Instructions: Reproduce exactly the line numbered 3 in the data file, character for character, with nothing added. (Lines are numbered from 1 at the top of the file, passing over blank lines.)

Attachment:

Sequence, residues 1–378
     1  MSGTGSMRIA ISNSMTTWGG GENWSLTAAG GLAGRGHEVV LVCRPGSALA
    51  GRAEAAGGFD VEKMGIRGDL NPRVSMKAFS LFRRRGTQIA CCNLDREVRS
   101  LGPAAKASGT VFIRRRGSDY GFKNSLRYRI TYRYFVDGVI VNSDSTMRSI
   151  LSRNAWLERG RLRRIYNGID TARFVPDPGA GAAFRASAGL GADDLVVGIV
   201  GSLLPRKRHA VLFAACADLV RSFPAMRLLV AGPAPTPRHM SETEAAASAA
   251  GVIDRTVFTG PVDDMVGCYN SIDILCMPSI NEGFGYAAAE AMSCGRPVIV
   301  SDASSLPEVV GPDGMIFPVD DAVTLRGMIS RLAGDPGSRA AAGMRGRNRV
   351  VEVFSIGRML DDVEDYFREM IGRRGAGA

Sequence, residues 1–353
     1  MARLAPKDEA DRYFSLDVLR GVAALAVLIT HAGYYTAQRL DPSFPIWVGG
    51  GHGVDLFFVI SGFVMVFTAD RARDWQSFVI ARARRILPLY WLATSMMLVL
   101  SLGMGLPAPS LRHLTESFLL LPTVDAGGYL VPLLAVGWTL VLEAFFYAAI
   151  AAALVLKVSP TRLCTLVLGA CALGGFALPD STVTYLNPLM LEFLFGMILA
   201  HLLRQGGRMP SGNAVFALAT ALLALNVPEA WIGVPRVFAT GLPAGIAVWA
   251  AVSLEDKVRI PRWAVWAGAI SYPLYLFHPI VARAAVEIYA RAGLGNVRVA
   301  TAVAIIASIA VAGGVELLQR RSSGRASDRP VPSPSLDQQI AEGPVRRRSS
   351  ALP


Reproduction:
    51  GRAEAAGGFD VEKMGIRGDL NPRVSMKAFS LFRRRGTQIA CCNLDREVRS